How Tokyo Changed The World


I am interviewed in the Emirates in-flight magazine, talking about Japanese inventions that are actually useful:

“For demographic and geographic reasons – a high population and very little flat land for building – the Japanese were generations ahead of the rest of the world in terms of having to cope with living piled on top of one another,” says Dr Jonathan Clements, author of Modern Japan: All That Matters.

“This has led to a greater interest, in terms of design and technology, in being able to isolate oneself from the people around you. The Walkman was originally designed so that the boss of Sony, Akio Morita, could listen to music on a plane. Can you imagine air travel today without it? The Walkman then kicked off a revolution in fitness, but miniaturisation and falling costs have also been instrumental in the migration of TV sets from lounges to bedrooms, and the diversification of media into narrowcasting, whereby different people can watch the TV programmes or videos that they want, even in the same house.”

What Next?

marnie_hires_6There were two notable absences from the screenings at this year’s Scotland Love Anime – or rather, two notable presences at the London Film Festival. Hiromasa Yonebayashi’s When Marnie was There, the last feature film from Studio Ghibli, and The Boy and the Beast, the latest feature from Mamoru Hosoda, both made it onto the LFF roster instead. You might call this a victory all round – Hosoda’s films are often snatched by the LFF ahead of SLA, thereby leaving a slot in Scotland for less mainstream fare, as well as guaranteeing that Hosoda doesn’t sweep the Scottish Judges Award every year. But London’s programmers, as they are wont to do, are also snatching the most commercial and audience-friendly Japanese animated features. What are they going to programme next year?

Almost everybody in the anime business is tired of the “next Miyazaki” argument, in part because there can be no such thing. Hayao Miyazaki was a one-off, as was the synergy formed by his partnership with Isao Takahata and Toshio Suzuki. Moreover, the conditions that made their Studio Ghibli such a world-beater were also, in themselves, unique. The putative successors to Miyazaki are competing in an environment that is worlds away from the situation that saw Princess Mononoke rise to fame.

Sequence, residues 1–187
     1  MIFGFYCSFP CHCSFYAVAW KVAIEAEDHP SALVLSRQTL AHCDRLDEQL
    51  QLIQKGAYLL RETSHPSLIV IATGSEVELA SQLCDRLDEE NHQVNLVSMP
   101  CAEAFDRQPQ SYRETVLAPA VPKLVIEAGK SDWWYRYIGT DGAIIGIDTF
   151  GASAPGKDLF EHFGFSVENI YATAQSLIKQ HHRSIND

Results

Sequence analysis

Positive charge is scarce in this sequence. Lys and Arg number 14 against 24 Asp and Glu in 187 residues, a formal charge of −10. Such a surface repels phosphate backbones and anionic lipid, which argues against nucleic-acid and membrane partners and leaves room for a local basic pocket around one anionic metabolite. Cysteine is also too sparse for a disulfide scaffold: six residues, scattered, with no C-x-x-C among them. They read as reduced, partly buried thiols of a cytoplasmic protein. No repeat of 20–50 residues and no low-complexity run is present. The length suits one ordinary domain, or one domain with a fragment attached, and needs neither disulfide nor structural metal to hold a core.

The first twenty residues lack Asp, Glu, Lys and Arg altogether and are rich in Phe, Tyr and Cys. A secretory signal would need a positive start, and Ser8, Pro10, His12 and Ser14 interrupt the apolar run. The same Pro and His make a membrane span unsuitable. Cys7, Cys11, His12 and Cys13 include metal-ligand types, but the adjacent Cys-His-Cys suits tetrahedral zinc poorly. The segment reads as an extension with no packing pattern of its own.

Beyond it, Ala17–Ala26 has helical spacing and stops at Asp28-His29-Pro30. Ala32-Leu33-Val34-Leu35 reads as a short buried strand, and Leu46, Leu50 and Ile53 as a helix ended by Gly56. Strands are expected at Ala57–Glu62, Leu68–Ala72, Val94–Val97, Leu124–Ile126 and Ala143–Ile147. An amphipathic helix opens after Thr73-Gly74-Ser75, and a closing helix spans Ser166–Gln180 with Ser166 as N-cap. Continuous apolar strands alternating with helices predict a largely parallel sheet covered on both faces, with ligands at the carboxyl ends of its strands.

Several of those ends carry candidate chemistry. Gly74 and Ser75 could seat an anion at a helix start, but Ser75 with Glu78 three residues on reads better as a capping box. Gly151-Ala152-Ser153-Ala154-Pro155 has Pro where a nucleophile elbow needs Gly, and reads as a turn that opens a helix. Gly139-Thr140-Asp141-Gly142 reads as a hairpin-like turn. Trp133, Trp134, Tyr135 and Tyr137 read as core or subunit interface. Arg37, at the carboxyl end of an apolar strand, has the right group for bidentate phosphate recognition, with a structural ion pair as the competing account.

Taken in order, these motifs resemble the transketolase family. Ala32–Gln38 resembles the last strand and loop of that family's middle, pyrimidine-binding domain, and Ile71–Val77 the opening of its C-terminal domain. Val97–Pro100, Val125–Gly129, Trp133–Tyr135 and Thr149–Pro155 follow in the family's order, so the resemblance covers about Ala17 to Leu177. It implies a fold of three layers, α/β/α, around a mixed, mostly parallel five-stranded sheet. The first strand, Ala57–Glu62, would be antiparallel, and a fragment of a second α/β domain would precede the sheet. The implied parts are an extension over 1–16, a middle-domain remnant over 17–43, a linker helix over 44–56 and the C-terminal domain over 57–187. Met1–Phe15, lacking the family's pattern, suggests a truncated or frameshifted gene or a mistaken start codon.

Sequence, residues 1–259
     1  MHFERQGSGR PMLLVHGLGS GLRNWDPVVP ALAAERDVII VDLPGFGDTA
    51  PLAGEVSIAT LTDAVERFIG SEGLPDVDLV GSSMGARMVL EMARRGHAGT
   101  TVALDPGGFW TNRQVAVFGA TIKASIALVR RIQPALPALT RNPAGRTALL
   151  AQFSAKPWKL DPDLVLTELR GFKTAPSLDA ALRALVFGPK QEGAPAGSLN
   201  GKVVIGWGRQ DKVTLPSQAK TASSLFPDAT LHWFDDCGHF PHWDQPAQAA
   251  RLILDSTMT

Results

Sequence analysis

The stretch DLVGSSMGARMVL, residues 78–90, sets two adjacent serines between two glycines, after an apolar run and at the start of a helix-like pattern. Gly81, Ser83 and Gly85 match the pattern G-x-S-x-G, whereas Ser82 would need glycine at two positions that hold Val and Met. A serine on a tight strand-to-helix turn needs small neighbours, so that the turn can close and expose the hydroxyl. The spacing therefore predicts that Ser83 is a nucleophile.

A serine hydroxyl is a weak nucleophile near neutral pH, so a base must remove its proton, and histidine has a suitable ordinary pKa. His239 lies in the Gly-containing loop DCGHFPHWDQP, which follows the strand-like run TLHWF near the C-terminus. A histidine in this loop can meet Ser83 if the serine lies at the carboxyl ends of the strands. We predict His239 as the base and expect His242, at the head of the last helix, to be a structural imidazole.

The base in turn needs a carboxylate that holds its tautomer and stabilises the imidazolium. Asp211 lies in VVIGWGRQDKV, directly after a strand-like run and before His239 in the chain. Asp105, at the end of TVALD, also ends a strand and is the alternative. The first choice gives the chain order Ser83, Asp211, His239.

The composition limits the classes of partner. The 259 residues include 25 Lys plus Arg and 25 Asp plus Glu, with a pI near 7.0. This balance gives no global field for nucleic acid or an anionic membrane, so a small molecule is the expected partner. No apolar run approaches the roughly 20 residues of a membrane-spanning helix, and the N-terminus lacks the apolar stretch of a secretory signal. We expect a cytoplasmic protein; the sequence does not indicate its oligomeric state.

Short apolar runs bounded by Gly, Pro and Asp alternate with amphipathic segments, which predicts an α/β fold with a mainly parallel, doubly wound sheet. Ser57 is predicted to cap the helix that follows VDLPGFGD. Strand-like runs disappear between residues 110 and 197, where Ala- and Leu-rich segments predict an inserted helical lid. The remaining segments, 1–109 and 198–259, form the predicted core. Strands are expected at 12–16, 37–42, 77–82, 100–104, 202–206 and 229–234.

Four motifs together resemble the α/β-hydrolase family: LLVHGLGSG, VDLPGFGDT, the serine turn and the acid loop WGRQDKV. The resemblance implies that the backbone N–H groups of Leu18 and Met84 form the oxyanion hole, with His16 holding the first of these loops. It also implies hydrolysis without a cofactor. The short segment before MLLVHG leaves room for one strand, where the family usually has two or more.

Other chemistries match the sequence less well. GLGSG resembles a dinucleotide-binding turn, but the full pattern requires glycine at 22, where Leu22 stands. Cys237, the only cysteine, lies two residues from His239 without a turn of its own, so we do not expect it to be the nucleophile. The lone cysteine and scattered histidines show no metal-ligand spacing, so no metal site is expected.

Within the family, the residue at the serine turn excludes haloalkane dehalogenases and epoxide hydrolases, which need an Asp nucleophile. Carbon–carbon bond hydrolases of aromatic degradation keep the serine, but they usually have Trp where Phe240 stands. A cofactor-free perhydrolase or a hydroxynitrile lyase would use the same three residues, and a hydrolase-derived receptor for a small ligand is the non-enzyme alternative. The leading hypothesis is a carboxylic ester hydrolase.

But concerns about who might be anime’s new poster-child aren’t just about the search for a new creative force. They are also all about money. For a Japanese movie to break even at the domestic box office, it has to be in the top twenty films released that year – a benchmark that only Studio Ghibli and a couple of long-running franchises (your Pokémon, your One Piece) could ever manage. A Studio Ghibli film (let’s be honest, a Miyazaki film), was a blue-chip investment, guaranteed to put bums on seats in Japan, and to monetise in foreign sales. Nobody else in Japan currently comes close, and that doesn’t just affect the likely enjoyment of family audiences. It affects festival programmers looking for something Japanese for their slates; it affects retailers planning how many feet of shelves to give to anime; and it affects distributors allotting budgets to those weird Japanese cartoons we keep hearing about. With Ghibli removed from the equation, the investment value of the entire anime medium drops by a significant factor, forcing everybody – distributors, retailers, and cinema owners, to work a lot harder to keep it in the public eye. So do your bit: go and see a Japanese animated film in a cinema this year… It’ll show up on someone’s balance sheet, and might make all the difference.

Jonathan Clements is the author of Anime: A History. This article first appeared in NEO #143, 2015.

Harem Scare ‘Em

32243-ComicArtAsst_3Yuki Aito is living the dream… in a way. His comic Haji Café has become a hit, dragging his art career from a hobby into a full-on profession. Like many a manga artist before him, he’s discovering the hard way that a weekly schedule never lets up, taking on a bunch of assistants to help him grind out the pages. But because he’s a self-acknowledged pervert, obsessed with knickers, he has only hired pretty teenage girls.